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FreeBSD on a Toshiba Satellite 1005-S157

This page describes my experiences installing FreeBSD on a Toshiba Satellite 1005-S157 series laptop. These procedures should work with models 1000-S157, 1000-S158 and 1005-158 which appear to only differ in the Software provided by Toshiba.


You can repartition and reinstall Windows XP from the Toshiba supplied recovery disks. If you boot from the first CD and exit the recovery program you will be at a DOS prompt from which you can repartition and reformat your disk. I set my disk up with 50% of the space dedicated to Windows, 25% set aside for a spare partition (currently two FAT drives shared between Windows and FreeBSD, but previously I had Redhat 7.3 installed), and finally 25% for FreeBSD.

If you want you can boot from the FreeBSD installation CD (see notes below) and use the FreeBSD disk partitioning tools.

To install Windows XP from the recovery disk run C:\BASE\OS.BAT.

Very Important Notes:

You should have space for FreeBSD now.


To get past an ugly hang on boot, you need to follow some special procedures.

You can boot from the standard installation CDs if you disable probing of the eisa bus. To do this go into command line configuration and give the command "eisa 0". Once you have installed the OS, remove the "device eisa" from your kernel configuration, rebuild and reinstall the kernel.

Booting [kernel] in 10 seconds...
[press space key]
ok boot -c
[...boot messages...]
config> eisa 0
config> quit

The system should now boot up correctly. Don't forget to build and install a new kernel. See Configuring the FreeBSD Kernel for more information.


I installed the FreeBSD boot manager and dual-boot WinXP/FreeBSD works fine. I also was triple booting with Redhat Linux 7.3 until I got enough FreeBSD working that Linux was no longer of interest to me.


The I830 chipset included on this laptop can be used in 1024x768 256 color mode with the Frame Buffer driver in XFree86 4.2.0. Although XFree86 4.2.0 has support for the I810/I830 chipset, I do have that working yet. I let X --configure generate a default configuration file for me and this I update the following lines:

        Driver      "vesa"


I needed to patch the system to get the touchpad mouse working.


Works out of the box.


This machine does not include any built in Ethernet. I have successfully used "Network Everywhere (Fast Ethernet 10/100 PC Card)" PCMCIA card with the ed driver.


This machine does not include any built in Wireless. I have successfully used a Cisco Aironet 340 PCMCIA card with the an driver.


USB seems to mostly work. It appears that this device only supports USB 1.1. To make all 3 USB ports work make sure you create the /dev/usb? devices. Its working well enough for my minor needs that I haven't looked further at it.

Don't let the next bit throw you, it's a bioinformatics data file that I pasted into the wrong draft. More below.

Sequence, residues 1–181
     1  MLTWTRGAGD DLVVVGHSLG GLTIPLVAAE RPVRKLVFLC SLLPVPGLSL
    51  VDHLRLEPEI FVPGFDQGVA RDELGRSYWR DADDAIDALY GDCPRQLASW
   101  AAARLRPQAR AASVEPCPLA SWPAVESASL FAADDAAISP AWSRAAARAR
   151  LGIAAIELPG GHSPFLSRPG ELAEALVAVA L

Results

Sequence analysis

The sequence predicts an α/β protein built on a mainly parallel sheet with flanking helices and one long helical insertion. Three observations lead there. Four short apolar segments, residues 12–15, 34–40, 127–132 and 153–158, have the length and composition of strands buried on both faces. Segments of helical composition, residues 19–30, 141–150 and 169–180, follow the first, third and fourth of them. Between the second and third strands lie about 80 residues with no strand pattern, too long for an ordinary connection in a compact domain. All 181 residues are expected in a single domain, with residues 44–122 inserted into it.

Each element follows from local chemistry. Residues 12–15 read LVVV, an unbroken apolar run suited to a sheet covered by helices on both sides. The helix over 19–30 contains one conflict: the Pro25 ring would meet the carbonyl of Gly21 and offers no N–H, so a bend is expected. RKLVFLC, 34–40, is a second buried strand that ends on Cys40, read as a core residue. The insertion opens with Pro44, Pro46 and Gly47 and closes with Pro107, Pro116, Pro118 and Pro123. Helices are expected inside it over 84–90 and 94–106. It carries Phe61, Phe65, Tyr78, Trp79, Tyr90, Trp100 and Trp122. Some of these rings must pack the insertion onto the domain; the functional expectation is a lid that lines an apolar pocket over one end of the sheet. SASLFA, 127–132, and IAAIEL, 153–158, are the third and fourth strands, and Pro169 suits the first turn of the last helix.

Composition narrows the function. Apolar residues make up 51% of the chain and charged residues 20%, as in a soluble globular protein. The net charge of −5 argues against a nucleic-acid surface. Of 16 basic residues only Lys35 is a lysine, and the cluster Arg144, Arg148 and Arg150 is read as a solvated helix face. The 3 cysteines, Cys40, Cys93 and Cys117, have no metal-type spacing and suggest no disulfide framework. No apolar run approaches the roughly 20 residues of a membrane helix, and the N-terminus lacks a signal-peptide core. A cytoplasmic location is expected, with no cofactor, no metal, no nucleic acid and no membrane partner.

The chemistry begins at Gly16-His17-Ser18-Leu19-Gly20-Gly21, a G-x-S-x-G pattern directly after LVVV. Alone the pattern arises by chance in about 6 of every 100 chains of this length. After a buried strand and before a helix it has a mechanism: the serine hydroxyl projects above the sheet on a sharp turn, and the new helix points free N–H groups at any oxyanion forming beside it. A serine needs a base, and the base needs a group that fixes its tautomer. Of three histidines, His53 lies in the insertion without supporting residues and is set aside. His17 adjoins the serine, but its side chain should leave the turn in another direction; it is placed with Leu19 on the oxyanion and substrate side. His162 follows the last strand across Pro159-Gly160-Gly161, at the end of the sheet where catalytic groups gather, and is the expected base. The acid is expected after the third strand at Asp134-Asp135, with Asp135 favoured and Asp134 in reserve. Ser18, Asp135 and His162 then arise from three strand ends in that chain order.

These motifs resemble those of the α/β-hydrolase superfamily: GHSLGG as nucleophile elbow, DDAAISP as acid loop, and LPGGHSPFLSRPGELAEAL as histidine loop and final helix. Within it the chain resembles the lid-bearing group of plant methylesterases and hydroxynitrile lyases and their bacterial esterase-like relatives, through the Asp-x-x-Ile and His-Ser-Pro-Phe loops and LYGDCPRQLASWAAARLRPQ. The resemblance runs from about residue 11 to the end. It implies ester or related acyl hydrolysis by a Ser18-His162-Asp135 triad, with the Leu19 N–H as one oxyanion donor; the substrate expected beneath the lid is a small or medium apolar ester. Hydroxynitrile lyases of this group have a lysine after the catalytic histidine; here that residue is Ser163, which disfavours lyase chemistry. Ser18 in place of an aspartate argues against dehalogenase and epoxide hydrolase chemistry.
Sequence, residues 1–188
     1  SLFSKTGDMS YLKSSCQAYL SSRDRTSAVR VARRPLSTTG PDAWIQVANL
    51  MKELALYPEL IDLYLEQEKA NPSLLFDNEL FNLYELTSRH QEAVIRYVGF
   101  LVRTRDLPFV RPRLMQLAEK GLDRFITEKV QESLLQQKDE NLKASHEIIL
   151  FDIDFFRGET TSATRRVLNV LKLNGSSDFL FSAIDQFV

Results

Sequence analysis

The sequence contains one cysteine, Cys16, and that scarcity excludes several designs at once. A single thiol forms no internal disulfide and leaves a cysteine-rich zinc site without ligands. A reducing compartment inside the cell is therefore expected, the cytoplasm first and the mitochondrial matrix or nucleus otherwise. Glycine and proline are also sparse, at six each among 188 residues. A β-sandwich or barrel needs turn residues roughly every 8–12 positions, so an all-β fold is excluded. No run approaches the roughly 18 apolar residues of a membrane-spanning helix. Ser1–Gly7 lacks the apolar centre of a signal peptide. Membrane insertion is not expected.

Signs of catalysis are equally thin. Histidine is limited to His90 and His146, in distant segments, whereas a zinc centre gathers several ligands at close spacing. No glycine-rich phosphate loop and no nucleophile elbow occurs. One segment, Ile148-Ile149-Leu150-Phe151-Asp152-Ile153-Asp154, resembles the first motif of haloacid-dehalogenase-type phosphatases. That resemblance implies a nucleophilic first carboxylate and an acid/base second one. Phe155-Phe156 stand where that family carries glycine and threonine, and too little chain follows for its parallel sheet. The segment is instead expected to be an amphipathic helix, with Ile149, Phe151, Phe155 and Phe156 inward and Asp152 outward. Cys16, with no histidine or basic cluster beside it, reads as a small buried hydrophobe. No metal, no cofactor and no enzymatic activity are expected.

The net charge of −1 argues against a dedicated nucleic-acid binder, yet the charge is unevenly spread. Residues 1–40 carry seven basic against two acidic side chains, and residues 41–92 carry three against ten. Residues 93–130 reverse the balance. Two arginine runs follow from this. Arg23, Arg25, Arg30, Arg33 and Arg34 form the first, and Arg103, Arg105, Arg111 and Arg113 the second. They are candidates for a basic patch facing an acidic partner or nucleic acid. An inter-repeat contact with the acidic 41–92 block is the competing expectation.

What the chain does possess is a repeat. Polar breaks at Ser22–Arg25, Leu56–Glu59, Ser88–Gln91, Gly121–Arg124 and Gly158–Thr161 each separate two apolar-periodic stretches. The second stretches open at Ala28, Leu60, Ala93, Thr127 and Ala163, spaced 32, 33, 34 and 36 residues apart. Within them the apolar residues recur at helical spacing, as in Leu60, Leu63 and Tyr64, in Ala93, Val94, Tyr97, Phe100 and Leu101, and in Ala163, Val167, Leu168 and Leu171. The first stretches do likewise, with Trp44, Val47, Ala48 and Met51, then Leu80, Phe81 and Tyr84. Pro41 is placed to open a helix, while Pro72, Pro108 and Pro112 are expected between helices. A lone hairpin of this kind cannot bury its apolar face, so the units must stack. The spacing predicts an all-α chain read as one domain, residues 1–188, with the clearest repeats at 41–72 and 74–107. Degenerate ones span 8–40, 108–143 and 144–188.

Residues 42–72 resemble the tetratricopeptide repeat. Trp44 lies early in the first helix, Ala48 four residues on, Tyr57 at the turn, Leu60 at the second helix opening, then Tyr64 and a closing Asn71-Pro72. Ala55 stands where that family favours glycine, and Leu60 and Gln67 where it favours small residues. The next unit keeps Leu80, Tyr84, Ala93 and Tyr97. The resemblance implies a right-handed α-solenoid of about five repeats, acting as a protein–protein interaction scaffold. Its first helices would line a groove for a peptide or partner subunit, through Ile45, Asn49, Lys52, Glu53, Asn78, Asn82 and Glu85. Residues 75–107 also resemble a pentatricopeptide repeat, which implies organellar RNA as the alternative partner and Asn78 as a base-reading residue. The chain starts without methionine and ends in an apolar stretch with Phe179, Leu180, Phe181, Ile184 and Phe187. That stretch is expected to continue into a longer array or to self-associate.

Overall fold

Does not work out of the box. I haven't looked at it very much at all, but I think the hardware only implements the DA and AD conversion process and all the other processing needs to be done in the CPU. I am thinking that it might be possible to hook up a phone line to the PC and build a custom answering machine program using the modem support. However, since I take this laptop with me when I travel I wouldn't be able to use this for my home phone line.


Mostly seems to work okay using the pcm driver. On occasion I have seen the sound not working correctly. Reseting the mixer setting would overcome this problem. I use the following command:

mixer `mixer -s`

This reads the current mixer settings and sets them back into the mixer. On occasion, I think two invocations of this command are necessary.

More recently, I have been using the mixer-1.0 port and have not noticed this problem. I may either remove this port or change it, I would rather see the setting reset to normalized values on boot than leaving them at whatever silly setting I was last using. This port also does not preserve the recording source over reboots.

I am often using professional audio input sources with this laptop. The line-in jack works fine and was one of the reasons I chose this laptop. Most recent laptops have not been including a line-in jack for some reason.

When connecting a microphone to the mic-in jack, I was finding recording level very low. I've created a kernel patch which enables a built in 20dB gain on the microphone channel.


This machine does not include any built in Infrared.


Last Comments

This information is current of January, 2003 using FreeBSD 4.7-RELEASE.

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